Swiss star Roger Federer rallies for five-set win at French Open

When Roger Federer finally emerged from that red-clay hole he dug Monday, he celebrated with a leap that sent him into the French Open quarter-finals and joined the roaring crowd with a scream of his own.

Switzerland's Roger Federer returns the ball to Germany's Tommy Haas during their fourth round match of the French Open tennis tournament at the Roland Garros stadium in Paris on Monday.

PARIS — When Roger Federer finally emerged from that red-clay hole he dug Monday, he celebrated with a leap that sent him into the French Open quarter-finals and joined the roaring crowd with a scream of his own.

Less than 24 hours after Rafael Nadal was eliminated, Federer averted another stunner by beating German Tommy Haas 6-7 (4), 5-7, 6-4, 6-0, 6-2.

The French Open is the only Grand Slam event Federer has yet to win. He has been beaten by Nadal at Roland Garros four years in a row, the past three times in the final. And with the path to the title cleared of his No. 1-ranked nemesis, No. 2 Federer barely avoided a stumble.

“It’s maybe a good sign,” Federer said.

Meanwhile, Canadian Aleksandra Wozniak’s dream run ended Monday with a 6-1, 6-2 loss to second-seeded American Serena Williams.

Playing on the tournament’s showcase stadium, against one of the biggest names in women’s tennis, the 21-year-old from Blainville, Que., admitted her nerves may have got the best of her.

“You really want to win badly and there’s so many things going on,” said Wozniak. “It was my first time on Philippe Chatrier court. Emotions get involved and you just get tight and you can’t play really your game, so it’s tough.”

In other action, No. 16-seeded Tommy Robredo beat Philipp Kohlschreiber 6-4, 5-7, 7-6 (4), 6-2.

The erratic form that has plagued Federer in the past year was again a problem for portions of the first three sets. But with the centre-court crowd firmly in his corner, Federer mounted one of the biggest comebacks of his career. He won nine consecutive games to even the match, then swept the final five games.

When he smacked a service winner on match point, the stoic Swiss’ demonstrative celebration reflected what’s at stake. For the fourth year in a row, Federer is trying to become only the sixth man to win all four major championships.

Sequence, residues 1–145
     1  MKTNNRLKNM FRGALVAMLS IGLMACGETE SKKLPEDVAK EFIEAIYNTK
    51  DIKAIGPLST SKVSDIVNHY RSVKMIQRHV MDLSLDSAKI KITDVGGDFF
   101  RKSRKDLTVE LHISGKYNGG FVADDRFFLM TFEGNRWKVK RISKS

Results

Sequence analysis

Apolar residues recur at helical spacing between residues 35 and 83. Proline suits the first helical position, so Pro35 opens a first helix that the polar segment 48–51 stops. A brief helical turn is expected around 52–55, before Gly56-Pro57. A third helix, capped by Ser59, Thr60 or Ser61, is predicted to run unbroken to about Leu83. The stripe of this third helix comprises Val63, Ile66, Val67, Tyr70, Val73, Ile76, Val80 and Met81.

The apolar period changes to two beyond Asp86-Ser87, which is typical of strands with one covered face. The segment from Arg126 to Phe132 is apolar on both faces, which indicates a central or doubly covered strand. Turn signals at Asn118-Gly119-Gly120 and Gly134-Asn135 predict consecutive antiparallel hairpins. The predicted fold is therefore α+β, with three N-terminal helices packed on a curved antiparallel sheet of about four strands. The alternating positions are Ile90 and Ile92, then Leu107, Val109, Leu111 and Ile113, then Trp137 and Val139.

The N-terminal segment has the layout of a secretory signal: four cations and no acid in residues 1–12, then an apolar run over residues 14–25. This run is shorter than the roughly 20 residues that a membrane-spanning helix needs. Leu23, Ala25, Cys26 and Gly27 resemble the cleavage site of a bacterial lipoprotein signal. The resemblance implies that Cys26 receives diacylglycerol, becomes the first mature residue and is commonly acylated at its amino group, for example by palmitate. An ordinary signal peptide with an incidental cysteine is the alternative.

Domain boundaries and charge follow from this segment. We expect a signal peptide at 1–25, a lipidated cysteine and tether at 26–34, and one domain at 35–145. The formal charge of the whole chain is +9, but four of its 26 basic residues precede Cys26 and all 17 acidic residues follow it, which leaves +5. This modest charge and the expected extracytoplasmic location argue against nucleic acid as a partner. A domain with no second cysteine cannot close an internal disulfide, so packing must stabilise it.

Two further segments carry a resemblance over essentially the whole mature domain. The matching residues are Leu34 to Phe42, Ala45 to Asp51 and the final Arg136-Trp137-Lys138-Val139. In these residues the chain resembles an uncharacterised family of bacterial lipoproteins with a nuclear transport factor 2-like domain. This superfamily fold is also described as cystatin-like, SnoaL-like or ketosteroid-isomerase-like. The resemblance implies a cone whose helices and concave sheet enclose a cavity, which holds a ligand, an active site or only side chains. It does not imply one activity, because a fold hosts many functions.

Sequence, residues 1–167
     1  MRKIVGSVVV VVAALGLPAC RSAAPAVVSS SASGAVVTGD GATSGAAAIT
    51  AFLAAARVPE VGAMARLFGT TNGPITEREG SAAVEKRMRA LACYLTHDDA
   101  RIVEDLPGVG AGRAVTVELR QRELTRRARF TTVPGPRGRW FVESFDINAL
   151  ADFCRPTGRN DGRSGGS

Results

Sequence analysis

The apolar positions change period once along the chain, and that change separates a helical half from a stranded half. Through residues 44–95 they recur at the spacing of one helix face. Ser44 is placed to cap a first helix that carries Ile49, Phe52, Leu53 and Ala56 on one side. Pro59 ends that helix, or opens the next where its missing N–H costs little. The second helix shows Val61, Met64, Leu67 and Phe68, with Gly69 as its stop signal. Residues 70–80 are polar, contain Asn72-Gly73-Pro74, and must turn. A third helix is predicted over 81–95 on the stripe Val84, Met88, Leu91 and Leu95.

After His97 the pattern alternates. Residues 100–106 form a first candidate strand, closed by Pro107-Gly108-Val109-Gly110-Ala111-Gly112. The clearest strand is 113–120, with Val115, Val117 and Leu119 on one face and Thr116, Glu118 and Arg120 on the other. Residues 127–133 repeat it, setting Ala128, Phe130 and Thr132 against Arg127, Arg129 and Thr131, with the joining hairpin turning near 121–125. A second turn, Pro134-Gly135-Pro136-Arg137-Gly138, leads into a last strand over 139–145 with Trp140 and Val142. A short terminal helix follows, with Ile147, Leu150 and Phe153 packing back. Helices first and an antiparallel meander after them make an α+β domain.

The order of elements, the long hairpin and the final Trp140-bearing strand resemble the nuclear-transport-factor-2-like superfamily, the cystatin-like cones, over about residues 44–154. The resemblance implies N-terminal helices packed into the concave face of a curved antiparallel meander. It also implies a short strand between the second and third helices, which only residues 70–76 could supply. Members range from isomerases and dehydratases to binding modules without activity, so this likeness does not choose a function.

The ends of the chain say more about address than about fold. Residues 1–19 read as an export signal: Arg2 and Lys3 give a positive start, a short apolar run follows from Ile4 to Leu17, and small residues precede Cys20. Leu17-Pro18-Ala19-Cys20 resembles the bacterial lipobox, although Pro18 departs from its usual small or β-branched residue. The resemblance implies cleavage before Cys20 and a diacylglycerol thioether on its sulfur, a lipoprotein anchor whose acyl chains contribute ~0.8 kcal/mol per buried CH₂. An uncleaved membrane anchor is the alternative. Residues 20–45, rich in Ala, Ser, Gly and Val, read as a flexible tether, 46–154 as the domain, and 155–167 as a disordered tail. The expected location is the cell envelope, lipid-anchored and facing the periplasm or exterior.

“If he wins here, he’s probably the greatest ever,” Haas said.

Federer’s total of 13 Grand Slam titles is one shy of Pete Sampras’ record, and he’s well aware of the opportunity created by Nadal’s departure.

“It caused a bit of a shock in the locker room,” Federer said. “All the players are a bit relieved. Everybody suddenly sees that things are much more open.”

As was the case because of Nadal’s loss Sunday to Robin Soderling, other results became a footnote.

Somehow Federer managed to lose the opening set despite winning every service point — 24 in a row — until the tiebreaker. The first break of the match put him ahead 2-1 in the second set, but he gave it back, then hit several nervous points serving at 5-6 to lose that game.

Haas led 4-3 in the pivotal third set and was a point from serving for the match, but Federer hit a forehand winner to launch his comeback.

“Once I hit that forehand to save a break point, I felt that it could be the turning point of the match,” Federer said. “I was really very relieved.”

At 4-all, Haas had a 40-15 lead in the next game but made four consecutive unforced errors, including a double-fault, to drop serve for the second time. From there the match slipped away from the 31-year-old German, who lost to Federer for the eighth time in a row.

“When you’re that close to winning, it hurts,” Haas said. “I gave it all that I had out there today, and I came up short.”

Federer’s victory was the fifth of his career after trailing by two sets. The five-set match was his first at Roland Garros since 2001, and he improved to 14-12 in five-set matches.

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